Apocalypse · Bookshelves

21st Century Crisis Bookshelf

A selection of recommended books to help navigate the 21st Century Crisis as we transition to a new way of life. Includes sustainability, climate change, peak oil, the challenges of civilisation, and how we can adapt to a changing world. These are some of the books I’ve found particularly helpful or inspiring. There are longer reviews attached via links, and more to come…

Fritjof Capra & Pier Luigi Luisi – The Systems View of Life

The Systems View of Life

In the last thirty years, a new conception of life has emerged in science which emphasises complexity, networks, and patterns of organisation leading to ‘systemic’ thinking. This book brings together the ideas, models, and theories of systems theory into a single coherent framework. Capra and Luisi explore key concepts such as autopoiesis, dissipative structures, social networks, and a systemic understanding of evolution, looking at them through history and across scientific disciplines. They also discuss the implications of the systems view of life as applied to different areas of society, such as health care, management, the ecological crisis, and the economy. The book presents a unifying vision of the connectedness of all life and offers a blueprint for how we might preserve our future on this planet.

>Read a chapter that was cut from the book and find out more: Fritjof Capra blog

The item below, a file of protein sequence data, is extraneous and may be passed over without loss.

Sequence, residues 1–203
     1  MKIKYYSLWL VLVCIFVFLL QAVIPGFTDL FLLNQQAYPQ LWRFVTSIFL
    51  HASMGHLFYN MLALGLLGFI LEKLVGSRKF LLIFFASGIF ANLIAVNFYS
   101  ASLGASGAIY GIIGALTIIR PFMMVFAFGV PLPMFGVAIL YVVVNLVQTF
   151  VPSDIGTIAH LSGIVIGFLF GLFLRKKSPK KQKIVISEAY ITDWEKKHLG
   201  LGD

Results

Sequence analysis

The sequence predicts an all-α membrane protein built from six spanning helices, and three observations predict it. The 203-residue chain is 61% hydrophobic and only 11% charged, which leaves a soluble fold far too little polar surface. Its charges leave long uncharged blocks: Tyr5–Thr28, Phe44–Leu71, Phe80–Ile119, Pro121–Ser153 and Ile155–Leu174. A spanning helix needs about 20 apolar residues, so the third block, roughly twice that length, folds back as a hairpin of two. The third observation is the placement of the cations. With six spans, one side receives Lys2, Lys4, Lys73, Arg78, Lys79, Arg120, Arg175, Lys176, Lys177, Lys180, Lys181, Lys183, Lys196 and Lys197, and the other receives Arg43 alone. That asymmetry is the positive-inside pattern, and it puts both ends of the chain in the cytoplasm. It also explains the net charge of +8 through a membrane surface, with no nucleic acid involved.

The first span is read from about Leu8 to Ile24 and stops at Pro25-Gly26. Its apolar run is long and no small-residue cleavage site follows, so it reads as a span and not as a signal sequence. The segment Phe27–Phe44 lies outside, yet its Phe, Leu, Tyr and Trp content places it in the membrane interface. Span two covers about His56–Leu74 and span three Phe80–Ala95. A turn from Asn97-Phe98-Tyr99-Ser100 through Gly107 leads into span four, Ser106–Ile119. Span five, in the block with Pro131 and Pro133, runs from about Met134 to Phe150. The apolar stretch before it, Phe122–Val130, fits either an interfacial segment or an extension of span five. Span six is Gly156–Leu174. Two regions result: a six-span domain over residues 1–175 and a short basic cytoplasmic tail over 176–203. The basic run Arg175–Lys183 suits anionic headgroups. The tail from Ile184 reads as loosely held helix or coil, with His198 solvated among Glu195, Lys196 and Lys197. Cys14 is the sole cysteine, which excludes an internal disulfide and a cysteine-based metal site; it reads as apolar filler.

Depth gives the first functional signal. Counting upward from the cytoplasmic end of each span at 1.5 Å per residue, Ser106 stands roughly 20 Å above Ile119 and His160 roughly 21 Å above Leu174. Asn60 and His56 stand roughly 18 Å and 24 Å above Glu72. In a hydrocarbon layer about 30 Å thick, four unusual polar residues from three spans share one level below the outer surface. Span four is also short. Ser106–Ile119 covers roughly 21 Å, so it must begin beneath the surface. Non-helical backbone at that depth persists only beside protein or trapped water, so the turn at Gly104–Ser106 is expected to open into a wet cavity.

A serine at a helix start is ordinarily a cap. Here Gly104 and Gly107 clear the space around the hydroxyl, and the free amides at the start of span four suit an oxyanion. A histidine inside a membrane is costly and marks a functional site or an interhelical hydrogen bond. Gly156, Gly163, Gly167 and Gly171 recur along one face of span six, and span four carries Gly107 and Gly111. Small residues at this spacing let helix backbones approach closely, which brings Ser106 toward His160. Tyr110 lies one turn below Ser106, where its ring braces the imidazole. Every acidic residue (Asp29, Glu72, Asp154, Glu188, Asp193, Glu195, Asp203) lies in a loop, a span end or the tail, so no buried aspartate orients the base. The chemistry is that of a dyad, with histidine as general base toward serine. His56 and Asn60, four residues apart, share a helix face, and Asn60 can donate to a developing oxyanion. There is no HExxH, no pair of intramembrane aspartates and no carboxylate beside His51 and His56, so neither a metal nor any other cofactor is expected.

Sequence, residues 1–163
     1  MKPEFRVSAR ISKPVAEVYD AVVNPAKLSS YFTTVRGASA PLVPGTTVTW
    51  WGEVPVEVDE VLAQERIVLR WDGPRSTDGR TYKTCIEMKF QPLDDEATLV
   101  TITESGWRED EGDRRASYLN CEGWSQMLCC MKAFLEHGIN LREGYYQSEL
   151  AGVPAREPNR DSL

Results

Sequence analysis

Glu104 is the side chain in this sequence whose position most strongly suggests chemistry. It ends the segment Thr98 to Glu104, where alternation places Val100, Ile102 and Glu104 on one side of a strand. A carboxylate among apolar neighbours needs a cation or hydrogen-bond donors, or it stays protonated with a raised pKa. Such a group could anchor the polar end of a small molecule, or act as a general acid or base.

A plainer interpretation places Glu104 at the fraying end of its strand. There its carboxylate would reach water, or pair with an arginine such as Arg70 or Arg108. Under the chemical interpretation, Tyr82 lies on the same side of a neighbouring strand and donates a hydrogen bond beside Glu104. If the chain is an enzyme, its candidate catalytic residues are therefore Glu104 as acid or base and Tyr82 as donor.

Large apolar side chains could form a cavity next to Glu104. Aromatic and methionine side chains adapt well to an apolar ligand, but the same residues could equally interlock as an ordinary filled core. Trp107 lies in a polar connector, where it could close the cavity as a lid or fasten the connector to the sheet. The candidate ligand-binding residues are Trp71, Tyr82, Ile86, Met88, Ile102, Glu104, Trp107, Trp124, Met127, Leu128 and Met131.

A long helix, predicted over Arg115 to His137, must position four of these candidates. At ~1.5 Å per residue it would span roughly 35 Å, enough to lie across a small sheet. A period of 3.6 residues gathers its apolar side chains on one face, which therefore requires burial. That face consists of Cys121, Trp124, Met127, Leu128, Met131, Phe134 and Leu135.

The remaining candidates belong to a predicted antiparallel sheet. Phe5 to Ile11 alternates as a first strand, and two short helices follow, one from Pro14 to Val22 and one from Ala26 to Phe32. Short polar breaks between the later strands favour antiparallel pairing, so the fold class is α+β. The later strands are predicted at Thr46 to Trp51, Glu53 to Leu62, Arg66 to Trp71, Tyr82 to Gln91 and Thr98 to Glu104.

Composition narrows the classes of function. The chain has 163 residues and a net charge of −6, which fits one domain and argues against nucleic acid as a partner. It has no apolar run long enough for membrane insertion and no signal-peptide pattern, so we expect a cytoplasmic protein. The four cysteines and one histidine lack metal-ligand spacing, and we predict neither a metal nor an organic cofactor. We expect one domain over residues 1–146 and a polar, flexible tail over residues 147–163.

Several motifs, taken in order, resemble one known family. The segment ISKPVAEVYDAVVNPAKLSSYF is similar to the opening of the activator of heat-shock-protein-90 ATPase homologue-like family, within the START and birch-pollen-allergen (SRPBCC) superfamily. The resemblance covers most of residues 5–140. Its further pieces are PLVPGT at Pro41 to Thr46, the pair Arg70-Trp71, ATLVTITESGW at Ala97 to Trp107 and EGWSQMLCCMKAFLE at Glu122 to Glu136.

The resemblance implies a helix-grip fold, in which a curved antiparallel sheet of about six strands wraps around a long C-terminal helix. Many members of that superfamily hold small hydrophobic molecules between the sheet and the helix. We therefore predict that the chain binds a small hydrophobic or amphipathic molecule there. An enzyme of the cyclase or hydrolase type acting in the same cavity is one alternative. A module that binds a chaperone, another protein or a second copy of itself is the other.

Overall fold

David Edwards – Free to be human

Free to be Human

Subtitled Intellectual Self-Defence in an Age of Illusions. This book is about freedom, and the idea that there’s no greater obstacle to freedom than the assumption that it’s already been attained. In the West, few of us suffer physical restraint by the state, but we are constrained by powerful psychological chains, which are more effective because they’re so difficult to perceive. Corporately controlled mass media acts as a filter system which favours state and business interests, and this distorts our understanding of many personal, ethical and spiritual issues. This ensures that we remain passive, conformist, confused and uninformed – willing consumers bringing about our own self-destruction. Edwards argues that to counter this disinformation and disempowerment, we must master the arts of intellectual self-defence so we can challenge the deceptions of the system that puts profit before people. An inspiring book and urgently needed more than ever before.

>Read an interview with David Edwards here

Jörg Friedrichs – The Future is Not What it Used to Be

Future Not What Used to Be

This important book looks at climate change and energy scarcity, and reminds us that the future won’t be like the past. We had an abundance of fuel before, but that time is coming to an end and infinite growth on a finite planet is impossible. Friedrichs suggests that industrial society is transitory and can’t outlast our ability to burn fossil fuels, but its demise will entail unimaginable change and population decline. He puts this into context by examining historical cases of climate stress and energy scarcity in order to understand the social and political implications. In this way we can learn about the likely effects of climate change and how loss of energy might disrupt different kinds of societies. To confront our predicament we must affirm our core values and take immediate action to transform our way of life. If we fail to act, the future will certainly not be what we want it to be.